I’m not proposing to tell you what “like” is, but I thought it might be useful to mention why I have referred to “respect” as if it is a separate concept.
I mentioned it as a separate concept because, in my opinion, it is.
If someone has a pleasant personality, most people would “like” them. However, a person with a pleasant personality might be a big fool; or have views on important subjects that you disagree with and that are, in your opinion, completely misguided; or have achieved things that owe more to their personality or inherited wealth than competence in a relevant field. In other words, although you might like someone with a pleasant personality, you might not respect them.
In my view marrying someone that you do not respect is going to lead to trouble sooner, rather than later. When disagreements arise, as they invariably will, it is hard to argue effectively with someone that you do not respect.
This is an appropriate time to mention my belief that a marriage should be a mutual admiration society. The partners to a marriage, in my opinion, should like and respect each other to the extent that they openly and frequently admire whatever it is about their partners that is worthy of admiration. By “openly” I mean vocally. And I am not suggesting that you have to admire everything about your partner – just the stuff that you do admire.
There’s nothing to admire ?
Or there is, but you can’t see yourself being prepared to vocally and frequently admire whatever it is ? (In fact, hopefully there’s more than one thing.)
If so, perhaps you need to have a much closer look at this Section than you might otherwise have been planning.
Types of compatibility
I mentioned above that it is important that you be basically compatible with the person that you marry if you want to have a happy marriage.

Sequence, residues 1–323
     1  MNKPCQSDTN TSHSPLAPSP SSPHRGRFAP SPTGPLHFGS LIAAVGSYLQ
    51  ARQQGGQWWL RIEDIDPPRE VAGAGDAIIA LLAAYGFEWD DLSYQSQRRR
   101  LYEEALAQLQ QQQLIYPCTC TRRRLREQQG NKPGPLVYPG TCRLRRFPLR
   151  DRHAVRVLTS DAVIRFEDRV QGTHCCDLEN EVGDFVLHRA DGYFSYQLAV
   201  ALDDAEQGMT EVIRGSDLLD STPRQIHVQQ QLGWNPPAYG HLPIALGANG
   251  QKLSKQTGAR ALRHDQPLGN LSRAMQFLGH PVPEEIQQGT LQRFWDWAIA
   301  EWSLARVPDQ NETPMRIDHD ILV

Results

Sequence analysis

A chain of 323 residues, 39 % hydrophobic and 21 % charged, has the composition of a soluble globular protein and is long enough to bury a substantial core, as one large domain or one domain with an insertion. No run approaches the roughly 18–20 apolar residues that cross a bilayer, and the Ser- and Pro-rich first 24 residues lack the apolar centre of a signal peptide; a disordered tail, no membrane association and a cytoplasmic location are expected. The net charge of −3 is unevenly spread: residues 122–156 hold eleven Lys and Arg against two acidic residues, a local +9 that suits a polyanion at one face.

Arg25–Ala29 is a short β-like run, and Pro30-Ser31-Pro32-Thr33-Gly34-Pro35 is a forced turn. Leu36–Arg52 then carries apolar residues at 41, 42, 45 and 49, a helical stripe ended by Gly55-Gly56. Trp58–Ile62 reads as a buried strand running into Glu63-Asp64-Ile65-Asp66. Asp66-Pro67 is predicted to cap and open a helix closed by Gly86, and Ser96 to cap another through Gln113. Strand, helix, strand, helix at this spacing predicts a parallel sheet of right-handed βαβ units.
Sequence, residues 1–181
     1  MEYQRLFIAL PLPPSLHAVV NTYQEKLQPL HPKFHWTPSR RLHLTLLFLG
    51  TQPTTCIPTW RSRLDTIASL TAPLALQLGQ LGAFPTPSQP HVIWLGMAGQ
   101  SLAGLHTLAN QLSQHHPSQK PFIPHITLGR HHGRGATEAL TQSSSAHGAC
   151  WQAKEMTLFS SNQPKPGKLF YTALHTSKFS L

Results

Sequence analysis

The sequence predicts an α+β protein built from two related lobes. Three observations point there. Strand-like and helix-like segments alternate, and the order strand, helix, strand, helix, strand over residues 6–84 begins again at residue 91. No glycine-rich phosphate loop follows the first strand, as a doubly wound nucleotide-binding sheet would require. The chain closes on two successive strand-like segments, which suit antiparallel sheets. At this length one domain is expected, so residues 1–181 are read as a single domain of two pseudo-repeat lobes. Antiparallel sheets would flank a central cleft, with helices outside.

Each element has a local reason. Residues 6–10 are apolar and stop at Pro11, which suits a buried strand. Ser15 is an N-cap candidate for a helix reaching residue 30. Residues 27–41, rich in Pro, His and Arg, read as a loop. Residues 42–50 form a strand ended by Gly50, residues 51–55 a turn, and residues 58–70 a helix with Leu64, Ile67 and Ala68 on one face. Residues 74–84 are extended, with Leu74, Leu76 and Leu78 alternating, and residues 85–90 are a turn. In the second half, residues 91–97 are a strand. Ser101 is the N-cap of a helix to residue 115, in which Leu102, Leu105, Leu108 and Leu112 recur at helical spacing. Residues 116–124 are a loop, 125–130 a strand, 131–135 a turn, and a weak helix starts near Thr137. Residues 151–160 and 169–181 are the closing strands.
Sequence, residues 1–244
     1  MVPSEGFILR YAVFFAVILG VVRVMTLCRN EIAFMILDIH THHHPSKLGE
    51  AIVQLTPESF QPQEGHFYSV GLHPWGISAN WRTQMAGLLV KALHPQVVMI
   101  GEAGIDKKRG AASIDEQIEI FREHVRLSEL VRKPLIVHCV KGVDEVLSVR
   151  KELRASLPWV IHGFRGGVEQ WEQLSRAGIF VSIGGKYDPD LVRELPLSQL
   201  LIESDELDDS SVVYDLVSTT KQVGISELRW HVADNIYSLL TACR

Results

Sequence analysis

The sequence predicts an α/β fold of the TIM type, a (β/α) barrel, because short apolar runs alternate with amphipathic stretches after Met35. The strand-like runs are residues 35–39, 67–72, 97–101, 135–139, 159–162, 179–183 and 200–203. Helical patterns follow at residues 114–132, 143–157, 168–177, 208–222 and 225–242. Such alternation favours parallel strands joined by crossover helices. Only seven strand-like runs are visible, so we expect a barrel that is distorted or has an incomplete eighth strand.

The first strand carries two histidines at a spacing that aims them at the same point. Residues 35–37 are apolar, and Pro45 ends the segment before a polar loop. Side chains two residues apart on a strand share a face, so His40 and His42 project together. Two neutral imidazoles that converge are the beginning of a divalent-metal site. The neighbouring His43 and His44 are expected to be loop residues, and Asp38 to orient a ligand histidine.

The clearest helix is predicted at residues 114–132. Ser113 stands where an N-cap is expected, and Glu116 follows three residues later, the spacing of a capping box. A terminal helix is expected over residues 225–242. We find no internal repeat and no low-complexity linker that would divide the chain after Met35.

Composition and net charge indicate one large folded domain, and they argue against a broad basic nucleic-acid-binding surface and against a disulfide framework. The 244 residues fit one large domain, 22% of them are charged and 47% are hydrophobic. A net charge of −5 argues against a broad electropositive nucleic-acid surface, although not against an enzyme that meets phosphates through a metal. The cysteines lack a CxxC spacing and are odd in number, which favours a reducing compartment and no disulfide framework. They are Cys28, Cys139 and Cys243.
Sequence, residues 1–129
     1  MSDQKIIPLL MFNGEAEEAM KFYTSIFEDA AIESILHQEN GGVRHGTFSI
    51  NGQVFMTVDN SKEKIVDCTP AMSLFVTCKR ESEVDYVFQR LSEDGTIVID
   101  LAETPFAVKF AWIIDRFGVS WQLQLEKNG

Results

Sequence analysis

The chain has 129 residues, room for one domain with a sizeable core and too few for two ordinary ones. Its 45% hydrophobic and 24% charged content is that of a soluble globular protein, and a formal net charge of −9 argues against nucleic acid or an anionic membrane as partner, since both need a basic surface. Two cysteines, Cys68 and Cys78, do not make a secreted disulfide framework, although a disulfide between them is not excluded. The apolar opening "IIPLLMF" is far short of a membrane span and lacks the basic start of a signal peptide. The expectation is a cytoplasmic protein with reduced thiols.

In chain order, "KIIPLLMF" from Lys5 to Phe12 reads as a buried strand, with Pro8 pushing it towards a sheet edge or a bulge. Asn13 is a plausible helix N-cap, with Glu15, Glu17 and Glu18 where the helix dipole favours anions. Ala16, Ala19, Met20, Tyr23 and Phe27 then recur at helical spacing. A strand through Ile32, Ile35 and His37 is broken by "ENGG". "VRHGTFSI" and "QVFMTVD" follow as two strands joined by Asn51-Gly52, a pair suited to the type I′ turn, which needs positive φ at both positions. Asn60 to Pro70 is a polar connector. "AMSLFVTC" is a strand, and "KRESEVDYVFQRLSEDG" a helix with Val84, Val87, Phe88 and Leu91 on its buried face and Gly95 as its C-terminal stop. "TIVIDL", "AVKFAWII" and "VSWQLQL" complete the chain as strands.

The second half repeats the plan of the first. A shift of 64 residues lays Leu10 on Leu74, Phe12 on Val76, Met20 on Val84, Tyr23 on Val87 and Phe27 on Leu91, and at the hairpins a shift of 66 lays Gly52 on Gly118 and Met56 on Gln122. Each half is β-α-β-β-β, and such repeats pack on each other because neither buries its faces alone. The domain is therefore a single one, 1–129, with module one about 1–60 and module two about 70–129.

Compatibility has 3 basic components:
1) general compatibility;
2) compatibility with respect to particular issues;
3) sexual compatibility.
General compatibility, has to do with how you and another person get on when you are together. Essentially it is the cumulative effect of all sorts of things like the various components of your personalities, your cumulative experiences and lots of X factors.
There is not a lot I can usefully say here. If you don’t know whether you are generally compatible with someone who you have been having a relationship with, I doubt that there is anything I could say to help you.
Really, if you are happy being in the presence of someone and interacting with them, you are generally compatible with them. It doesn’t matter why, and I don’t think there is anything to be gained by trying to explore that.
However, I should perhaps describe in more detail the difference between like and respect, on the one hand, and compatibility, on the other. It’s similar to the difference between like and respect. Just imagine someone with a pleasant personality and who doesn’t have any obvious things about them that would cause you not to respect them. In fact, let’s go further, let’s imagine that there are things about the person that you do respect: their achievements, their views, their intelligence, their courage, their skills, or whatever.
But then let’s assume that the person has very strong views on issues that are of importance to you, and that those views are pretty much diametrically opposed to your views on those issues. Or assume that the person has a bizarre sense of humour, or no sense of humour, or no sense of proportion, or is completely self-absorbed, or has personal habits that are like fingernails on a blackboard every time you are reminded of them.
Although you might be able to sustain a friendly relationship with the person by avoiding your points of difference or annoyance, or by agreeing to differ, essentially there is a compatibility problem between you. It is the sort of problem that marriage will quickly expose as something that will make your life together much unhappier than it should be.
In these circumstances, even though you might love and respect the person, you are asking for trouble if you marry them. And that’s because on an issue vital to a happy marriage, there is a schism between you and the person